RCMann wrote:Can anyone share their experiences of telling their Dr the results of the test?
What a lovely name! Like Lucy5 and you, I too am a lucky 4/4 who is almost 66. I found out from 23 & me 4 years ago. At the time, we had just moved to a new state, and hadn't yet selected a doctor and there was the whole "WHAT!" factor for a good year (I didn't find this site until 2016.) After a get-to-know-you meeting with my new doctor, and a few urgent care type visits, I told him about the Apoe 4/4 but asked him not to put it into my records, which he easily agreed to keep private.
As Lucy5 said, he wasn't very familiar with it, and was honest about what our insurance would and wouldn't cover. More important than him knowing about ApoE 4 (by that time I had done a lot of reading on Google Scholar), was his willingness to spend 45 minutes talking about options after I found out I had sky-high LDL particle numbers and again when I got my Lp(a) results. (I paid for those tests because my dad died at 67 from coronary artery disease.) He spent a long time talking about the difference between "biomarkers" (LDL-P and Lp(a), ApoE 4) and "clinical signs" of disease (like coronary calcium plaques), lifestyle factors and actual bad outcomes. It was incredibly reassuring to have him say, "just because you have Apoe 4/4 and LDL-P and Lp(a) doesn't mean you are destined for cardiac arrest in 2 years, or dementia in 5 years." I hope your doctor has been a great support through your breast cancer journey, and will be with this also.
So I think it comes down to what your relationship is with your doctor, and what you hope to gain from the doctor having this knowledge. Since I ended up enrolling in a prevention study, my doctor ended up needing to send records to the study site, so would have learned then. I know if my cognitive status should change, he will be supportive. But I don't expect him to be a functional medicine doctor and to offer very specific recommendations right now.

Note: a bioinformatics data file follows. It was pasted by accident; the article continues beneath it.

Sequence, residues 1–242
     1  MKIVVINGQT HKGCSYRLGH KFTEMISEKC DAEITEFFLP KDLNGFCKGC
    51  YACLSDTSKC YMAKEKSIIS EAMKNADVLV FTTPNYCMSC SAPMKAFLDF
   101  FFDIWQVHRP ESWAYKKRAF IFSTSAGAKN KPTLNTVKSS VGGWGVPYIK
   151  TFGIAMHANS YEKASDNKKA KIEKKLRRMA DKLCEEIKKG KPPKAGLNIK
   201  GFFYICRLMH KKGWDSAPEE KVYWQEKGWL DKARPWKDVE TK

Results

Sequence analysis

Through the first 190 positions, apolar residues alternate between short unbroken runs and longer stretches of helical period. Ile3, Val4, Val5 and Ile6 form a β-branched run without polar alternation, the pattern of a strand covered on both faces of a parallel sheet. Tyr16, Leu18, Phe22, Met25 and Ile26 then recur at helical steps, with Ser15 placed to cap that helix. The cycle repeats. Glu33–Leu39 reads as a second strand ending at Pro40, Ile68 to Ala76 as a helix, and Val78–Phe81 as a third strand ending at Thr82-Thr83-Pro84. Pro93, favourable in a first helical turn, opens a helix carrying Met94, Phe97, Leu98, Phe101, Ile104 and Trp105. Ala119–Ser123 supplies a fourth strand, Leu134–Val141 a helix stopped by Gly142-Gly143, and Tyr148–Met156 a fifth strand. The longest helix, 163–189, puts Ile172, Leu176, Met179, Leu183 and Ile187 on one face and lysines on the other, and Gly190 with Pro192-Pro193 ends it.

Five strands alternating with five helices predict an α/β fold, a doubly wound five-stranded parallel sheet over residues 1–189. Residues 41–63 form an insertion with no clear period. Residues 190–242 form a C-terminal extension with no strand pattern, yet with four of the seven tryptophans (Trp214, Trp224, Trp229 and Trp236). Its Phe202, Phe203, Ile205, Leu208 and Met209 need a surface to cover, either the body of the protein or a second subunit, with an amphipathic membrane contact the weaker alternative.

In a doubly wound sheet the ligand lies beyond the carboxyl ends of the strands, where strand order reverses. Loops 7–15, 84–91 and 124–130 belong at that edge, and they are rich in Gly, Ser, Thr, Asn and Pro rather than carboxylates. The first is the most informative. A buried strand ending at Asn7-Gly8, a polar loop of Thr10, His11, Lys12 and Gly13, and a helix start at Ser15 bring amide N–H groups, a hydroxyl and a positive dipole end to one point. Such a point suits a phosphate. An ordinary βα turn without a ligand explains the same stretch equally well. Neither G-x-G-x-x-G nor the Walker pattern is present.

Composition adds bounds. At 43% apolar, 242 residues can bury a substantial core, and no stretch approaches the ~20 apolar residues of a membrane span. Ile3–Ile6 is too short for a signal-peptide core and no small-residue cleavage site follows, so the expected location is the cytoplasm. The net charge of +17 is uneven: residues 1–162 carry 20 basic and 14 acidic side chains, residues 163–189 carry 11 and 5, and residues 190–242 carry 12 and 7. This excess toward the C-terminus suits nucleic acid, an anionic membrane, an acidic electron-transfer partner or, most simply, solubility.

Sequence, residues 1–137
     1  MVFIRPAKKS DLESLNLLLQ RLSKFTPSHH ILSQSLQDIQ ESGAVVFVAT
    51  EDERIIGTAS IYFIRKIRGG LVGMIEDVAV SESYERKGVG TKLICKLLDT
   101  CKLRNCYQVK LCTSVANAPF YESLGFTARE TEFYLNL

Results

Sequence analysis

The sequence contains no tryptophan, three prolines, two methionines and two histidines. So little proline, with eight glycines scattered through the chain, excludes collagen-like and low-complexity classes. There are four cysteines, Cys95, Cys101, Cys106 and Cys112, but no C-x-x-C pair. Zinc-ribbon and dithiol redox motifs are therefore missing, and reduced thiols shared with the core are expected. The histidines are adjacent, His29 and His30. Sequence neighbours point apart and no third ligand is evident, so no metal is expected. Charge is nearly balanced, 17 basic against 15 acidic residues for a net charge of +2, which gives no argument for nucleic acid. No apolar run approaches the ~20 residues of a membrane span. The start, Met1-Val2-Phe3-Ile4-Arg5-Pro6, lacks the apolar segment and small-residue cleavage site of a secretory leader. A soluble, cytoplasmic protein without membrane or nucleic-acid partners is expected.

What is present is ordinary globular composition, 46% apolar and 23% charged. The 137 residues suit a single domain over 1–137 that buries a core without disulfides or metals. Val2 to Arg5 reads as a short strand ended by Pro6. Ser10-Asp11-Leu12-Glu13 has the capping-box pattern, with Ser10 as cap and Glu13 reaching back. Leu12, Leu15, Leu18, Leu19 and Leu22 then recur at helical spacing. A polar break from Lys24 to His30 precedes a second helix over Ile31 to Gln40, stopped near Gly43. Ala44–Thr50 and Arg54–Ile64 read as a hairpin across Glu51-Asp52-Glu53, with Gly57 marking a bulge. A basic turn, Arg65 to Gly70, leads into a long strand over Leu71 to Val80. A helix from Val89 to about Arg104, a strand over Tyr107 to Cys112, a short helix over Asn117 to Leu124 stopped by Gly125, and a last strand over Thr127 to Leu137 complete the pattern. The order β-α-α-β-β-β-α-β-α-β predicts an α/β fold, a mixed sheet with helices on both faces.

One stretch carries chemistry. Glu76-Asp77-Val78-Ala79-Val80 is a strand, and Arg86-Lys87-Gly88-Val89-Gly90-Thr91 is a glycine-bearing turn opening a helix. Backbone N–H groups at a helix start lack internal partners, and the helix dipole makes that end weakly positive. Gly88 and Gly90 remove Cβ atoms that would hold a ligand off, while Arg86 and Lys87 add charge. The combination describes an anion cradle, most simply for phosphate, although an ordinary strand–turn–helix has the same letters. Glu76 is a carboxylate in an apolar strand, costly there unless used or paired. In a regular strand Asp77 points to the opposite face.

Final bit of advice: My husband and I both purchased long-term care insurance about 8 years ago through his employer and continue to pay the premiums not that we're retired. I would recommend thinking about whether you want to get into a LTC insurance program before you tell your doctor. Right now, under the GINA act [http://ginahelp.org/
] you cannot be discriminated against because of genetic information for health insurance, but that's not true for long-term care insurance:
As of the date this resource was written (May 2010), GINA’s protections for insurance apply only to health insurance. They do not apply to life, long-term care, or disability insurance. Some state laws may apply to these types of coverage. Check with your state insurance commissioner’s office for more information.
And as for "zoning out and forgetfulness"--that may simply be some subjective sense that your focused and sustained attention (to reading, listening, etc) and your "free recall" (remembering grocery items without a list; remembering someone's name out of context) is less than when you were 45. That's not necessarily anything to do with ApoE 4--in my humble opinion as someone who used to text kids' memories and worked with survivors of traumatic brain injury. Ask yourself: "Do I remember this information with a cue? Do I recognize information that I previously learned?" "Can I pay attention to pertinent information and repeat it back right away, and the important parts 5 minutes later?" If so, I think you'd probably be well within the normal range of most cognitive tests of attention, auditory and visual memory.
As Lucy5 said, feel free to ask more questions, or just to vent. We're are stronger together.